A cute, brief story of a young child writing letters over the years imploring that the Gatekeeper reopen the door to a magical world where their best friend Zera lives. It’s sweet, if not substantive.

Alyssa Wong’s prose isn’t flashy or poetic—it just is. In this short story about two sisters who share powers to manipulate the weather and rearrange the future, Wong seemingly effortlessly captures the texture of grief, despair, futility, and loss as Hannah endlessly destroying the universe in order to keep Melanie alive and in this world. The story itself is ethereal, almost too much so, but damn that prose.

You have a weird rash on your arm, so you head to the medical clinic in search of a cure. In your way stand impenetrable bureaucracy, predatory aliens, nurses with a penchant for amputation, and your own mortal clock ticking towards your death. Good luck. Normally I’m not a fan of “Choose Your Own Adventure”-inspired stories. Caroline M. Yoachim’s version worked for me because it retains a somewhat linear narrative and meta-narratively taunts the reader for following—or failing to follow—the directions. A fun, quick read.

My vote: I am fully on Team “Things With Beards.” I suspect the actual outcome will be a toss-up between “Our Talons Can Crush Galaxies”, “Seasons of Glass and Iron”, and “A Fist of Permutations in Lightning and Wildflowers.”

Review: Rise by Mira Grant

rise

I have the world’s strangest relationship with the writing of Mira Grant/Seanan McGuire. I’ve read at least one book in every single series she’s published and had a “meh” response to all of them.

The exception is the Newsflesh trilogy, which I love with the force of a thousand suns. I’ve wanted to read all the short stories set in the Newsflesh universe for ages but haven’t been able to obtain many of them for several reasons. Having all of them here in one book is a joy—I was able to fully dive back into this universe and its characters that I love so much EVEN WHEN THEY DO THINGS THAT MAKE ME WANT TO BLOW THE UNIVERSE UP. (Hi, I have issues with the second half of Blackout. We don’t talk about that, save that it is 100 percent personal.)

Rise is the first book to collect all of Mira Grant’s previously published short fiction set in the Newsflesh universe—five novellas, one short story—as well as two brand-new pieces. And even with my baggage, reading Rise felt like coming home. A murderous home populated by zombies and mad scientists and even madder assassins and insane, scientifically-impossible bloggers and regular, everyday people pushed to their absolute limits on the brink of destruction—and all of them are what makes it home.

Continue reading

2016 Nebula Nomination Thoughts: Short Stories

YES, I finished reading all the short fiction nominees in time!

More so than the other Nebula short fiction categories, there’s a common theme shared by many of the stories of connecting (or failing to connect) with other humans on an internal, mental level. Three of these stories are from the perspective of artificial intelligence bonding to, caring for, and/or looking after humans’ welfare. Two of these stories take place heavily inside the protagonist’s mind as the result of taking certain drugs.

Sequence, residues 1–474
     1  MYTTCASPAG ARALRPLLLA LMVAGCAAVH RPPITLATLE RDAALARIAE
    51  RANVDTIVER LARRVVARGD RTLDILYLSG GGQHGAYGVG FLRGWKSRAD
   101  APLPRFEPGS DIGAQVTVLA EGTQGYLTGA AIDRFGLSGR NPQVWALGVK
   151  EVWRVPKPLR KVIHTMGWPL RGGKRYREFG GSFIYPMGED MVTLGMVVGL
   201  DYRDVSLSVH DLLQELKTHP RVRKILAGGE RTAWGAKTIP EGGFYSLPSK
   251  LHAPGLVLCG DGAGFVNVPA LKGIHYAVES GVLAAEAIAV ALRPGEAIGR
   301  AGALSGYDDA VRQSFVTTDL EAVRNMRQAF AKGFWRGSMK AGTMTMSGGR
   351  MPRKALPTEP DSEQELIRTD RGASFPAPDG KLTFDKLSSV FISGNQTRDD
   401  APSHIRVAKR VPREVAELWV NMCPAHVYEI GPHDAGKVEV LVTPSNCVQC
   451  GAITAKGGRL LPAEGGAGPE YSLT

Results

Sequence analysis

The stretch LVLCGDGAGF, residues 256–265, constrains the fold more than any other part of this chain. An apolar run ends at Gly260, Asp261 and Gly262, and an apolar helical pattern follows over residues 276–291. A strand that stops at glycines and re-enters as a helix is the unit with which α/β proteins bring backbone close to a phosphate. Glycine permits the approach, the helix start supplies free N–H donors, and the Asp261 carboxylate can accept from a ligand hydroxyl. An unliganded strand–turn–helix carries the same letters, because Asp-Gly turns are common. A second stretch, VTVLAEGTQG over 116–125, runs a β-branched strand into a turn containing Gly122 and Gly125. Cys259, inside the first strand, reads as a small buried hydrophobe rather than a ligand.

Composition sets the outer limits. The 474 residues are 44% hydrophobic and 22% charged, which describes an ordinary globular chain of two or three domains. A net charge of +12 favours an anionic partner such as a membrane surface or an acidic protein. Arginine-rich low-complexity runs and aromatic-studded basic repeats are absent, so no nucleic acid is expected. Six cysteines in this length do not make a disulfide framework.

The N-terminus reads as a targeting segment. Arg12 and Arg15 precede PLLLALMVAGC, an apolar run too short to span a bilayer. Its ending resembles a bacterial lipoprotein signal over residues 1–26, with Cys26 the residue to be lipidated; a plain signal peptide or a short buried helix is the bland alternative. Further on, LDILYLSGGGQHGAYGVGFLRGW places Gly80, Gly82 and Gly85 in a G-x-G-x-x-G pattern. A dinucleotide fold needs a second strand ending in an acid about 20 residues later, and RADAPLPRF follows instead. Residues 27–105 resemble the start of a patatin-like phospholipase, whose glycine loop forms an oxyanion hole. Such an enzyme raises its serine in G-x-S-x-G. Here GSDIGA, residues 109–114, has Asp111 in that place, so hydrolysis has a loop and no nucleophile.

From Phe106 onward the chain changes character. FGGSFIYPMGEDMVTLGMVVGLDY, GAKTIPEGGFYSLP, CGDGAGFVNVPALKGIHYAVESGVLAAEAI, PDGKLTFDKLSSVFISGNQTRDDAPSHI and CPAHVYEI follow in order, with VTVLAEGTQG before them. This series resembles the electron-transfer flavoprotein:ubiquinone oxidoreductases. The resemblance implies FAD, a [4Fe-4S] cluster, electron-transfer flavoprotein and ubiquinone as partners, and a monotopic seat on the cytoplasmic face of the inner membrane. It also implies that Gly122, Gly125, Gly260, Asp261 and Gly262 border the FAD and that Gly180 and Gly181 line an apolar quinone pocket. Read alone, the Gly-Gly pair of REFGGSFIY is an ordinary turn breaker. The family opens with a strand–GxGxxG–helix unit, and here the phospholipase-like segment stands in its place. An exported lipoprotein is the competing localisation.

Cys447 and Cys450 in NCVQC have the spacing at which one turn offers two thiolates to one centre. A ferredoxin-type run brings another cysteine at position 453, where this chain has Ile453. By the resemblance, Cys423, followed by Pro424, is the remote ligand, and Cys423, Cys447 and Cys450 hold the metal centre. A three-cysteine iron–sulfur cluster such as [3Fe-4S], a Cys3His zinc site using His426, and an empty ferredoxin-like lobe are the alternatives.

I’m curious as to the reason behind the selection for this section of the ballot, and a small part of me wonders to what extent the seeming growing interest, or possibly rise, in fiction featuring A.I. protagonists and the boundaries between them and humanity is the result of the popular and critical acclaim of Ann Leckie’s books, The Imperial Radch trilogy. (David D. Levine’s in particular seems to be playing in a similar sandbox.) Regardless, I very much enjoyed reading almost all the stories on the ballot, and even the ones I wasn’t 100% a fan of were still very good.

  • Madeleine” by Amal El-Mohtar (Lightspeed 6/15)
    A short, bittersweet story about loss, mourning the past, and finding a new future, in which a young woman named Madeleine is experiencing strange, incredibly detailed episodes in which she relives her childhood memories of her mother before she died of Alzheimer’s, only she keeps seeing the same unknown figure appearing in her memories. The visual rendering of the memories is evocative and poetic (as per usual with Amal El-Mohtar’s writing), and the description and metaphors surrounding death and grief were equally eloquent.
  • Cat Pictures Please” by Naomi Kritzer (Clarkesworld 1/15)
    The Internet just wants to help you. After all, it already knows everything about you, and it has the power to improve your life and make you happier. Isn’t the Internet causing harm through its own inaction by letting humans suffer? So you should really take notice of and click on those ads that keep showing up on your screen about new houses, new jobs, affordable therapists in your area. Listen to the Internet, and all your problems will be fixed. All it wants in return are cat pictures.